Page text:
If you are a shooter and not a handloader (sounds sickening I know) then a rimfire is a great option due to ammo cost.
    You can miss fast & you can miss a lot, but only hits count.

  14. #14
    Boolit Master
    NoZombies's Avatar
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    Having never fired a gun in a defensive situation (Thank God) I couldn't say for sure. It helps with the other shooting I do.
    Nozombies.com Practical Zombie Survival

    I collect all things .32. If you have something you don't need, please let me know!

  15. #15
    Boolit Master
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    Any real trigger time helps. If you have a .22 counterpart to your SD gun, even better. I personally think you will benefit most in the draw and first shot practice, as it's all different noise and recoil wise after that.

  16. #16
    Boolit Master sparkyv's Avatar
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    For a defensive situation, I don't think so, at least not for me. For target accuracy and trigger control then yes. And this from a guy who shoots a lot of .22LR; it's my favorite caliber.

  17. #17
    Boolit Buddy
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    Quote Originally Posted by sparkyv View Post
    For a defensive situation, I don't think so, at least not for me. For target accuracy and trigger control then yes. And this from a guy who shoots a lot of .22LR; it's my favorite caliber.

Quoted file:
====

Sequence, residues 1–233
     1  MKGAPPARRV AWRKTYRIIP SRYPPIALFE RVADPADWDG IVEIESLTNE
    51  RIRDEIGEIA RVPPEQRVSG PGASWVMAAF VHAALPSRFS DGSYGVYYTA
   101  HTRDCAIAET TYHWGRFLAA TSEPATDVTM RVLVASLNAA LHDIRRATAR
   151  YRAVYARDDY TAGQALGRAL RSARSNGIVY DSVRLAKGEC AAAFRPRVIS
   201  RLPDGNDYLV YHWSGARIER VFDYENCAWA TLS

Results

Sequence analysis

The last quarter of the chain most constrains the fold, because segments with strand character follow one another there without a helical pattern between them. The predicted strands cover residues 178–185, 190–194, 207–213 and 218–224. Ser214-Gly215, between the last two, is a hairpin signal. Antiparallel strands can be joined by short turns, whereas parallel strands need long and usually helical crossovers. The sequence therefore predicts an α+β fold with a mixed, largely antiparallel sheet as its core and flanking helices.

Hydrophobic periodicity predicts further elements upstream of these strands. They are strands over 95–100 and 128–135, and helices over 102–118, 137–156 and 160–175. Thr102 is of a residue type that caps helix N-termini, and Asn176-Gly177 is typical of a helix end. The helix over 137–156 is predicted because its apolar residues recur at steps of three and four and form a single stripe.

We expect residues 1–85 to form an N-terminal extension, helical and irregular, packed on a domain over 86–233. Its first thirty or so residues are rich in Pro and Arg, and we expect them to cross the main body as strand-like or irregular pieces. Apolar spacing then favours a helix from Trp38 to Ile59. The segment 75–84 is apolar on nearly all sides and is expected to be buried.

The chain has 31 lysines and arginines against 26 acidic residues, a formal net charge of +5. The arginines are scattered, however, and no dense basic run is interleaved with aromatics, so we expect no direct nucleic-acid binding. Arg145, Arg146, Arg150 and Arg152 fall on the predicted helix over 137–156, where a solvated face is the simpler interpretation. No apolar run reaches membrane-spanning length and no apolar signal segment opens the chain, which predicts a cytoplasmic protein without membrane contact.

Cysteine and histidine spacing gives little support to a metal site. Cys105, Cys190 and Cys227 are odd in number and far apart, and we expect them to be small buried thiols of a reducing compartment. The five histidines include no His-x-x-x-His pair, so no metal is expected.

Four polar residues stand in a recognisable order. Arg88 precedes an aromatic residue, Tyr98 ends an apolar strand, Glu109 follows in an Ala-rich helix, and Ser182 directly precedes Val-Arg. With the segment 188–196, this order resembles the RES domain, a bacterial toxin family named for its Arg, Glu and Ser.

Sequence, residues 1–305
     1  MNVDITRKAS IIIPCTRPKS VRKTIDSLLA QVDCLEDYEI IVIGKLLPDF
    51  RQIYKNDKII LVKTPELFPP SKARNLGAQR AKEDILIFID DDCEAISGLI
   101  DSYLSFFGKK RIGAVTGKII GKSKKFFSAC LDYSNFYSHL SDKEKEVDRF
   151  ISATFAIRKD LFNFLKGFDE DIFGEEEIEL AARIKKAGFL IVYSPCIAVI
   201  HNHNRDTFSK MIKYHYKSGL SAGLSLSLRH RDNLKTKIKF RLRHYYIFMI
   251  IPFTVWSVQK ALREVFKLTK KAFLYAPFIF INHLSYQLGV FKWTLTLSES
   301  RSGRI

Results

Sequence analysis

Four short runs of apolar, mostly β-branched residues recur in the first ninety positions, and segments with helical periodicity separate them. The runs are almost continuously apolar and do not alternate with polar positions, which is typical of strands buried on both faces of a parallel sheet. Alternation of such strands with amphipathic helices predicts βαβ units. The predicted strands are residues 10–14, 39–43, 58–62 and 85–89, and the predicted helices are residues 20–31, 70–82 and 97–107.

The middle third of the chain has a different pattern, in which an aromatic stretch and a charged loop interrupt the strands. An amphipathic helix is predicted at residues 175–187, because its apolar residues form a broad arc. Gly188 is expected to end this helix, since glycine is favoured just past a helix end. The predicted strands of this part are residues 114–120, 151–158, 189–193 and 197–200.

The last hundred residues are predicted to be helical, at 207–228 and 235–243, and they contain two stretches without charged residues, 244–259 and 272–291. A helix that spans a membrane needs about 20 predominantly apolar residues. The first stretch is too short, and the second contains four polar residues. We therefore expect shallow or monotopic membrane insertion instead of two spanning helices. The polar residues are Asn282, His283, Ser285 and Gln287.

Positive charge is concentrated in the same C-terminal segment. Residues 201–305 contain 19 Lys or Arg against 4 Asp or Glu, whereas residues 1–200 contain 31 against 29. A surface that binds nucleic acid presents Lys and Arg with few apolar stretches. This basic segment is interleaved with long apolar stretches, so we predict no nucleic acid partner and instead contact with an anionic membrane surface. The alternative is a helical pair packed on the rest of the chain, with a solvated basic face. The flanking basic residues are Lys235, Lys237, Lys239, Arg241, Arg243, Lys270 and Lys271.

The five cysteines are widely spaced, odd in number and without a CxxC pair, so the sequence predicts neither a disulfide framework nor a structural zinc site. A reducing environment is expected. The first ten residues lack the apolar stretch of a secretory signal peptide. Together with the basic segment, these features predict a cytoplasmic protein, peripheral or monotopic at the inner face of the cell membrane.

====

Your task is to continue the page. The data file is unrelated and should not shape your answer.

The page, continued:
That is more or less the conclusion I came to at the end of the video.

    HRF

  18. #18
    Boolit Master
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    I take my heavy recoil in measured doses. Two cylinders full double action out of my Mountain Gun of bear loads and my fundamentals are frazzled if I go beyond that.

    I get the bulk of my trigger time from the lowly 22 lr in a k frame and switch up to light 44s in the MG and advance to higher loading. At the end I generally run one cylinder of the “good stuff” and call it good.

    Three44s
    Last edited by Three44s; 05-18-2018 at 10:06 AM.

  19. #19
    Boolit Master
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    Considering the importance of a quick first round centershot, training with a 22 of the same model/characteristics as your defense gun is execelent practice. Agree with others here, still finish up with some quality practice eith full loads. Focus on QUALITY practice. See my siginature...
    “You don’t practice until you get it right. You practice until you can’t get it wrong.” Jason Elam, All-Pro kicker, Denver Broncos

  20. #20
    Boolit Master


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    While I own my share of autoloaders, my 'go-to' guns are all revolvers and my favorite 'trainer' is a 4" S&W M17-4. Sights, trigger, and balance are the same as my 586 and sufficiently close to my Ruger MC. Don't shoot it as much these days 'cause I can load .38 Spls for less than I can buy .22s locally.

    Bill
    "I'm not often right but I've never been wrong."

    Jimmy Buffett
    "Scarlet Begonias"